Even Steven, Filet Mignon and Karma ‘ZaBitch have performed together several times in the past — most notably this fall at A&O Productions’ drag show speaker event, which also featured RuPaul’s Drag Race alumnae Alyssa Edwards and Shea Couleé.
The three Northwestern performers have been referred to by peers as “the unholy trinity,” Brown says.
NBN joined Cramer, Moody and Brown at a pre-photoshoot makeup session to discuss their experiences as drag performers. The following interview has been edited and condensed for clarity.
NBN: How did you choose your drag name?
Jude Cramer: I've actually kept a note on my phone since high school of any time that someone says something and I think, “That’s a drag name!” That has hundreds of names on it.
Gus Moody: There was never anything else but Filet. I don’t know where Filet Mignon came from honestly. But I thought of that in high school and decided it would be my name in college when I started doing drag. I think it suits my drag perfectly.
Xanthe Brown: It was in the kind of frantic liberation [after my dad got COVID] that I chose my name. I didn’t really think about it that hard. The name was always a barrier to me, too, where I was like, “I have to find the perfect name.” I think I just chose Even Steven because it wasn’t that complicated, because I feel like I’m not that complicated. Steven’s kind of this even guy. He’s normal, he’s fair.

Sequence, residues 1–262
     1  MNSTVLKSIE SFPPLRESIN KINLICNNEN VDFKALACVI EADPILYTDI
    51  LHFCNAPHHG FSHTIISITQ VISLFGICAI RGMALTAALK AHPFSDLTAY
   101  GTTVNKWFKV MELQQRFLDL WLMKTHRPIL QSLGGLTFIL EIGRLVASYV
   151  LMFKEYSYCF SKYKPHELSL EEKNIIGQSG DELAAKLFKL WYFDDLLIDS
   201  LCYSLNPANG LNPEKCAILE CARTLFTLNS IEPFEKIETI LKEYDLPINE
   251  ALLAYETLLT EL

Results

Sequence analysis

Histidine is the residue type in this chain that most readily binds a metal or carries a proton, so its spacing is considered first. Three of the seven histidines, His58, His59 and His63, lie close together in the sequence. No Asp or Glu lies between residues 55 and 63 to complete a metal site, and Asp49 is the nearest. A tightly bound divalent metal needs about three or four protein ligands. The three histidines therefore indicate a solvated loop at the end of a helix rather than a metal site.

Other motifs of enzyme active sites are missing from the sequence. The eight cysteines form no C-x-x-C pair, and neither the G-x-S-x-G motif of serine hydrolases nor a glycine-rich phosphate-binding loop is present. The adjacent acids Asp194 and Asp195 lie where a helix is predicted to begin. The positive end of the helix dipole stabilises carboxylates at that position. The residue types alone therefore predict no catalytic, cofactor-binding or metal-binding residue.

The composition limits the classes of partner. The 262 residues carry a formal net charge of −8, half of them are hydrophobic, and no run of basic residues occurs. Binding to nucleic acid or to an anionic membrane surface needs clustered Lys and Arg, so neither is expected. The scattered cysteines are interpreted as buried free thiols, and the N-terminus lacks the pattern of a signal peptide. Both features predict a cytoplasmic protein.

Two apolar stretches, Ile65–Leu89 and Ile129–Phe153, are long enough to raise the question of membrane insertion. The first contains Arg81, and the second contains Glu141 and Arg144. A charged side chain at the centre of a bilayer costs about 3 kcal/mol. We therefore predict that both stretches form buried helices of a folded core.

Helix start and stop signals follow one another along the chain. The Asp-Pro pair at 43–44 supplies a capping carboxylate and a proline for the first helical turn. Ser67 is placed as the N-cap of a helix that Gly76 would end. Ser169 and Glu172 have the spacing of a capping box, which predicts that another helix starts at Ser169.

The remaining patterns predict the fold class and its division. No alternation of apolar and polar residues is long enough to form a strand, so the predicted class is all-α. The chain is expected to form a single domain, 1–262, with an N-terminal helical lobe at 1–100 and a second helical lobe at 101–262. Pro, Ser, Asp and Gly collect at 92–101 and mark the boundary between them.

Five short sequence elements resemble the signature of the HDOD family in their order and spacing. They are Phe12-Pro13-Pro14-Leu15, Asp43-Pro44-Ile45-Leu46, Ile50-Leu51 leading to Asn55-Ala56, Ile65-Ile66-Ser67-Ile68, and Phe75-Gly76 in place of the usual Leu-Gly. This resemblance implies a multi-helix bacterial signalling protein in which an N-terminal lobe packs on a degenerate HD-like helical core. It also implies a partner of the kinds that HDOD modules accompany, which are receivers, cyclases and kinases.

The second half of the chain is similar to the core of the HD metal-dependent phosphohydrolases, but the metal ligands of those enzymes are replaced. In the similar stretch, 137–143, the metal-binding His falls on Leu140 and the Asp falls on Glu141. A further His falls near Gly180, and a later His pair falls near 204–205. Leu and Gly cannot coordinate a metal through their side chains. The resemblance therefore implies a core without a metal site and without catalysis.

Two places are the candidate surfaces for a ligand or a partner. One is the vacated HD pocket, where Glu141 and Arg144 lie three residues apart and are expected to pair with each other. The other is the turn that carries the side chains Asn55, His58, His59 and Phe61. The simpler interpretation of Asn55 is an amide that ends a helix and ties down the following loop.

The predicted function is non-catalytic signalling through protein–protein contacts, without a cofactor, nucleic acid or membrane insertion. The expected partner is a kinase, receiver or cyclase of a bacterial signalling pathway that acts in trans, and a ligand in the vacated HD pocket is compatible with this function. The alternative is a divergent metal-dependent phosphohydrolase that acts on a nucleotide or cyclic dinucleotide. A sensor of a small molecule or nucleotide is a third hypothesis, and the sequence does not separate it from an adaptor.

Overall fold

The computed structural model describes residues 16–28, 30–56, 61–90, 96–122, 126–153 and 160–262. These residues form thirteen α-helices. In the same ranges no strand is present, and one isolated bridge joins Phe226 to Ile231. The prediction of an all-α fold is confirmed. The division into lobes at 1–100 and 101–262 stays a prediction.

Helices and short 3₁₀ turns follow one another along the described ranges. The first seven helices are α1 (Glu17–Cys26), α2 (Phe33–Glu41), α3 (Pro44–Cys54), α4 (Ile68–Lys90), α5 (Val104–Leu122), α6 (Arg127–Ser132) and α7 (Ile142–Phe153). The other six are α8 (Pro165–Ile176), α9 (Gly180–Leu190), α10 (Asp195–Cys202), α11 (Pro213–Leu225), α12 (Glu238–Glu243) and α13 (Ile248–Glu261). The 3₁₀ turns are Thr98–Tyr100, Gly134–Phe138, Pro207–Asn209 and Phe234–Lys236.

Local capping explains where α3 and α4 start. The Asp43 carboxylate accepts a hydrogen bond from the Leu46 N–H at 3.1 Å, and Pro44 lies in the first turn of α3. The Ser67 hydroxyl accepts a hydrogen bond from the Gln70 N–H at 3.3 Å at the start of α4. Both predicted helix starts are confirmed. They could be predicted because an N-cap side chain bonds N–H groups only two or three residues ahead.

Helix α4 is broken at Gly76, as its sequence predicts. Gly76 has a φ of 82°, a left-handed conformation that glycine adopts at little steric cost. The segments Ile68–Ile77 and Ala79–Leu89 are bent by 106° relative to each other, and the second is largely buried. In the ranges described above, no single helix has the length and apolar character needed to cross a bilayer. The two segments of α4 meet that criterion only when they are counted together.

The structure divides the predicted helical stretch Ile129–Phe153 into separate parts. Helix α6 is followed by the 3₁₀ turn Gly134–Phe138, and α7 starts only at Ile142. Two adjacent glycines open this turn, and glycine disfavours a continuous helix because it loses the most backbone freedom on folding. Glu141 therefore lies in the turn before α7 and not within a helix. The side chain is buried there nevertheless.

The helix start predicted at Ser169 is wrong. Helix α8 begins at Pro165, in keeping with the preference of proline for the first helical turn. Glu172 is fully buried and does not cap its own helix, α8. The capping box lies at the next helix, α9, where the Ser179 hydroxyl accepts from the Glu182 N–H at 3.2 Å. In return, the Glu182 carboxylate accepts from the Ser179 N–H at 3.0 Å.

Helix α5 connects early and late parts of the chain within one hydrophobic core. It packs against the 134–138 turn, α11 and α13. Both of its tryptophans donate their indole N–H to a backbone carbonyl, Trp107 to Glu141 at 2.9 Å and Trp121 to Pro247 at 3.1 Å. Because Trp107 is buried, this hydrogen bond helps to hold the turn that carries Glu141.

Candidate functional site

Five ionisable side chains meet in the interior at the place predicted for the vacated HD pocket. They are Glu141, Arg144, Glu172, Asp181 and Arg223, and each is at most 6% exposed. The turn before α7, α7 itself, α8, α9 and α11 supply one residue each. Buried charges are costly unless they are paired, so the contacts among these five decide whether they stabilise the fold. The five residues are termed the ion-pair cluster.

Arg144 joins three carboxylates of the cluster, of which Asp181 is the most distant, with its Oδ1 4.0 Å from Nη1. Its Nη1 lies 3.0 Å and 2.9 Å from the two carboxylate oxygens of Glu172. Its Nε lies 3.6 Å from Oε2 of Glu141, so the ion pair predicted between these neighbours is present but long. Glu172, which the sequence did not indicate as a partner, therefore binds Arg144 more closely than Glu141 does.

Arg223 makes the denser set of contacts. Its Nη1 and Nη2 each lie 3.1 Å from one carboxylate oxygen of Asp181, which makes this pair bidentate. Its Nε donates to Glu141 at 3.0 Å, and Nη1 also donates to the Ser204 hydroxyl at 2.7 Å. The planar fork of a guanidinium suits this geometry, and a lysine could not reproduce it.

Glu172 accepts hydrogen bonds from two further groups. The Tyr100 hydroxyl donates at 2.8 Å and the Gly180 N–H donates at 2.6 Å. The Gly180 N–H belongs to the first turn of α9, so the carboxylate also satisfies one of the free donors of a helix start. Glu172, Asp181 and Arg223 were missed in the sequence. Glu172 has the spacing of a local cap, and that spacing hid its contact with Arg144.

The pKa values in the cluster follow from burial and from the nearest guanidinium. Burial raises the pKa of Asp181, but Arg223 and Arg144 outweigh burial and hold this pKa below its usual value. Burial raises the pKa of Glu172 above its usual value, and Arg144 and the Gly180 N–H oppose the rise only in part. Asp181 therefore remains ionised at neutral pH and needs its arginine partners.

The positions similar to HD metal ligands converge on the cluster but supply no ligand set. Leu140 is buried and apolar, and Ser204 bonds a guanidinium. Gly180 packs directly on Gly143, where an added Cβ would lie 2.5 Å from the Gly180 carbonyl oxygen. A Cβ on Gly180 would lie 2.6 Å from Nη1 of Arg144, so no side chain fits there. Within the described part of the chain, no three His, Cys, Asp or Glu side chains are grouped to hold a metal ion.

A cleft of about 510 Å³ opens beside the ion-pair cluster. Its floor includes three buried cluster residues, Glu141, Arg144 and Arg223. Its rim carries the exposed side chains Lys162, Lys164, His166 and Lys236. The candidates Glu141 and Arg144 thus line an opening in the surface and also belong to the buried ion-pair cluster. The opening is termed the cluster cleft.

NBN: Why did you decide to try drag? What was it like when you were first getting started?
Cramer: I got into RuPaul’s Drag Race in high school. I was watching it, and I was like, “Damn, all the challenges — I could totally do that if I was wearing the makeup and the wig.” That kind of led to the discovery that the skills that it takes to be a drag queen are all things that are right in my wheelhouse, and it's an art form that speaks to me way more than any other. It’s like storytelling — dancing, sometimes singing, sometimes acting, sometimes comedy. I feel like storytelling is the most important part of being a drag queen.
Moody: When I started drag, I was trying to emulate womanhood, and I was really bad at it. I just hadn't realized what Filet was yet. It took me until sophomore year when I was like, “Oh my god, I suck at looking like a woman. I should not try to do that and do what I'm good at instead, which is just looking like a man with bad makeup and a wig, grinding on stage.”